James of the New Testament says, "What is your life? You are a mist that appears for a little while and then vanishes."I can identify with that, because right now my life seems to be flying at warp speed and I do feel a bit "misty" about that. Writing to the newly converted Jew, James writes about practical Christianity. But like the rest of God's word, the messages James writes apply equally well today.
As writers, we set goals, make commitments, and accept assignments with deadlines. That is the nature of our work, but some things always, at least often, attempt to throw us off our course. Right now I am going through one of these periods when there are time demands on many fronts.
Commitments have been made, so I will have to juggle my priorities again and maybe gear down on my expectations of what I can do or how well I can do it. Perfections is my old nemesis. Our friend's family history may not read like a Dicken's novel, but it will get done. I will attend my husband's medical appointments. When the kids and grandkids arrive shortly, accomodation and meals will be less than standards at The Ritz, but there will be plenty to eat. I may only get one entry ready for the Inscribe Fall Contest, but one is better than none.
Yes, I'll be short on attaining all my goals and some may be done to a lesser standard, but I will do my best. I will pray for peace of mind, patience, and understanding--of others, even of myself. Thankfully, the love I feel for my family will never be in short supply.
I may be a mist passing briefly through this life, but I still need to do the best I can with the time and talents I have. Crises of time remind me what matters most.
James addresses all Christians when he says, "Today or tomorrow we will go to this or that city, spend a year there, carry on business and make money." To that he adds, "Why, you don't even know what will happen tomorrow." I agree with James totally, but that doesn't excuse me from procrastinating, getting side-tracked, being undisciplined, or wasting precious moments while the mist that is my life evaporates.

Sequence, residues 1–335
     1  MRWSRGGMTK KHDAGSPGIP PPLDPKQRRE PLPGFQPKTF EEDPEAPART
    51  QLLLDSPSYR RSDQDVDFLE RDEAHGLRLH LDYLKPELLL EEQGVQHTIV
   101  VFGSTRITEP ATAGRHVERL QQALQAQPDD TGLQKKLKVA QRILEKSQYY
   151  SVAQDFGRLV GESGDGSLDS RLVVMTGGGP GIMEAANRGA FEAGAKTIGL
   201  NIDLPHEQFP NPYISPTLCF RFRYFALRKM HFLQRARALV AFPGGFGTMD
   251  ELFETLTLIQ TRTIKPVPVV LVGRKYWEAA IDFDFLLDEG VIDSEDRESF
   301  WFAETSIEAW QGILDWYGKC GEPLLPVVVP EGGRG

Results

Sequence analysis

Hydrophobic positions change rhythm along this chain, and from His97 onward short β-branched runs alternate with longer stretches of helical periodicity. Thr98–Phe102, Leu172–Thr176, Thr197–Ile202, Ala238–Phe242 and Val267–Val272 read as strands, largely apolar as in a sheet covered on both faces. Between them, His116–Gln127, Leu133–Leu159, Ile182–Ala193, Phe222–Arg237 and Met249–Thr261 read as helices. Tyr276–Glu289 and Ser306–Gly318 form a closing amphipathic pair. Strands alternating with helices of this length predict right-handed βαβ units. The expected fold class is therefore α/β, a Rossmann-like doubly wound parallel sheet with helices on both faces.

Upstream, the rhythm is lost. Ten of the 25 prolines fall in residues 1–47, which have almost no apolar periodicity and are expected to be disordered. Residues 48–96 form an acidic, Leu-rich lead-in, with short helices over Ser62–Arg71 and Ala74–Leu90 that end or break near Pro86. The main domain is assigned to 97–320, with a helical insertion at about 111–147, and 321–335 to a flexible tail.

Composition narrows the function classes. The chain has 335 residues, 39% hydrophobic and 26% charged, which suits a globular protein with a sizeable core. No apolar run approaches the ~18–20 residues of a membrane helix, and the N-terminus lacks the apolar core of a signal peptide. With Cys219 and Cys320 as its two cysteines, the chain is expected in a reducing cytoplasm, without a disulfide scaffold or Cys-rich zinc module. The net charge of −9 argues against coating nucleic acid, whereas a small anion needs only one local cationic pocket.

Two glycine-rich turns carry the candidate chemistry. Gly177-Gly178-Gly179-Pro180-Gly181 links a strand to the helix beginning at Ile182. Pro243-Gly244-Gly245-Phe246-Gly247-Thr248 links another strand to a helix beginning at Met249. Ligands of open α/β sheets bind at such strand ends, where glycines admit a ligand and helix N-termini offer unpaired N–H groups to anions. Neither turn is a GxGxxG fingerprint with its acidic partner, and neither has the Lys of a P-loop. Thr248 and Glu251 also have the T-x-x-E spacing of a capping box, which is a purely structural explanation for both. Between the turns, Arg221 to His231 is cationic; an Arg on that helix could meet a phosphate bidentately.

If I didn't feel called and gifted to write, I would have given this up long ago. I am passionate about my faith and I try to live as God calls me to live. Through my human frailty, I learn. I grow. If I openly and honestly share my experience with others when I write, I may help them to see how God cares for all of us and watches over us.
When rushed and stressed by pressures, I do more foolish things than normal. Recently I lost my glasses when we were hurrying to an appointment. I thought I had left them at home, but they weren't there. I returned to where we had parked our vehicle in case my specs had fallen off my lap. They weren't there either.
I prayed about it. I asked St. Anthony, patron saint of lost things, to help me find my specs. Next morning, I went back to the spot once more, and there, sparkling with dew were my expensive, trifocal glasses that I really need. I offered a grateful prayer of thanks and praise.
If God calls me to share my experiences with others, I will do that. Speaking of practical Christianity,
James says, "Anyone, then, who knows the good he ought to do and doesn't do it, sins."
Instead of boasting about the goals I will accomplish next month or next year, I will remind myself of James's admonition to say, "If it is the Lord's will, we will live and do this or that." Putting this verse in writer-ease, I will say, "If it is the Lord's will, I will get this or that written, this or that published."
David the Psalmist said, "The Lord will fulfill his purpose for me; . . . do not abandon the work of my hands."
Readings from James 4:13 -- 17 and Psalm 138.8